*** Thatís if the computer is capable of diagnosing the problem but thatís another story.


:E :E

Marcel_MPH
25th May 2004, 17:10
That's the same thing I was thinking Lu. Since both connectors can be interchanged the chance of a misconnection between the "side-stick" and the controll surface is fairly greater than when both are marked. The incident happened a few years ago so I suppose Airbus did a recommendation to all the airlines already operating the aircraft and took some action to prevent this kind of mishaps in the future.

I found this site which explains the principles of "fly-by-wire".

Airbus "fly-by-wire" (http://www.airbus.com/pdf/customer/fast20/p2to9.pdf )

Marcel_MPH

wrenchbender
26th May 2004, 00:14
Marcel; The incident you are referring to was caused by the fact that the technicians had to replace the electrical connector that the ELAC computer mates with in the electronics rack. When installing the wires in the new connector, several got crossed, causing the captains stick to command a left vs a right roll, and vice versa.

The flight control surface position indications on ECAM are directly displayed from position transmitters on the surface itself, not from whatever is being commanded by the stick.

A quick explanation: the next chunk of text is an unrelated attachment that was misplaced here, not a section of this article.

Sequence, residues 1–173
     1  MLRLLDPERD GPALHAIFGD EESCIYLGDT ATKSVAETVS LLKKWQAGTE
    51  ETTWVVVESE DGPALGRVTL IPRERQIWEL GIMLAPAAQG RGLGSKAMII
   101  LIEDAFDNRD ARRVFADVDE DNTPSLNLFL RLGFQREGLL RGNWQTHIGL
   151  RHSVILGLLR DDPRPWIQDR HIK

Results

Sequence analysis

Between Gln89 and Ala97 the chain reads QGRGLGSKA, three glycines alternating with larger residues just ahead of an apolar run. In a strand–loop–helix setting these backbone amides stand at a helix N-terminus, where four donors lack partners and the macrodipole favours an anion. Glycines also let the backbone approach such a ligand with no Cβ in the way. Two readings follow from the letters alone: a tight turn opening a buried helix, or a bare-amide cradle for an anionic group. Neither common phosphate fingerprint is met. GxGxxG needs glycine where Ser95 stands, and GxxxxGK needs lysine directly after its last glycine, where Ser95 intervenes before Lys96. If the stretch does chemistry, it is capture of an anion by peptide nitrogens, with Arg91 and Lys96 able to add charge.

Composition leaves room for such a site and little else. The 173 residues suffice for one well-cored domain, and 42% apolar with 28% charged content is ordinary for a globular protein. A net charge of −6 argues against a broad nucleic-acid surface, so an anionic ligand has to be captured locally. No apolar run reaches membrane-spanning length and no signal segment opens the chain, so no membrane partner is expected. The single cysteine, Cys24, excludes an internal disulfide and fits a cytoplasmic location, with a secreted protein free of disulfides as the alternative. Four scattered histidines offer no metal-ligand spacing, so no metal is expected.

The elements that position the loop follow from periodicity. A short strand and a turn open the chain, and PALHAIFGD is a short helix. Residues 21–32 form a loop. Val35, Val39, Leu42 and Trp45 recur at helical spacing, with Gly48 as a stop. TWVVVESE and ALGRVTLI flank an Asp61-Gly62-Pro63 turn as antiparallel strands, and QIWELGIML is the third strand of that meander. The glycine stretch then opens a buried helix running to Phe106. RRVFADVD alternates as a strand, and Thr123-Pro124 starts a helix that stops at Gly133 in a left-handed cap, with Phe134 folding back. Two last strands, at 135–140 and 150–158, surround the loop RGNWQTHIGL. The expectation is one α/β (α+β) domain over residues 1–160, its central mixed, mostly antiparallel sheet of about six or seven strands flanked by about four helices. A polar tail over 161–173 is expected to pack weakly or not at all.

Marcel_MPH
26th May 2004, 07:31
So if the pilots monitored the ECAM closely before flight they could have seen the problem and take appropriate action....

Marcel_MPH :cool:

FlapsOne
26th May 2004, 09:24
Thinking about this logically (cos I haven't got an engineering brain) wrenchbender must be right.

The sensors will pick up surface movement, irrespective of stick deflection, and will 'lock out' mis-behaving items (plus their opposite number).

The way we currently do the flt ctl check pre-flight HOPEFULLY would pick up any anomaly. We have ditched the routine order of UP DOWN LEFT RIGHT in favour of a random order so that there is less chance of 'reading a script' and more chance of 'saying what you see'.

Interesting topic.

Lemurian
26th May 2004, 11:04
Hello,
this is the link to the incident :
http://aviation-safety.net/database/2001/010320-0.htm.
After the incident,many operators have insisted on a proper x-check of trhe FC position.As Flapsone suggests,one pilot pushes controls to max deflection the other announces "full left/right..."

Marcel_MPH
26th May 2004, 12:27
Now I've read the investigation report I understand why the crew didn't pick up the malfunction since the "flight control check" wasn't included on the after start checklist at the time.

Luckily the PNF responded quickly and prevented another disaster.

Marcel_MPH :cool:

square leg
28th May 2004, 22:47
Back then I believe LH only checked what happened on the PFD during the F/CTL check, i.e. "+" up-down & left-right as opposed to watching the SD F/CTL page. That has changed.

Then, back then maintenance were only required to check one (1) sidestick after such a maintenance procedure. That has also changed since. Now both sidesticks are checked.

This just shows where the chain of events can start. Sometimes as far as the design of aircraft.

Safe flying:ok:

SimJock
30th May 2004, 19:27
I am very surprised that the ELAC's didn't generate an ELAC Fault of some description after this wiring mistake. They seem to complain readily about far less important problems and something like a stick being wired incorrectly should have promulgated a fault warning IMHO.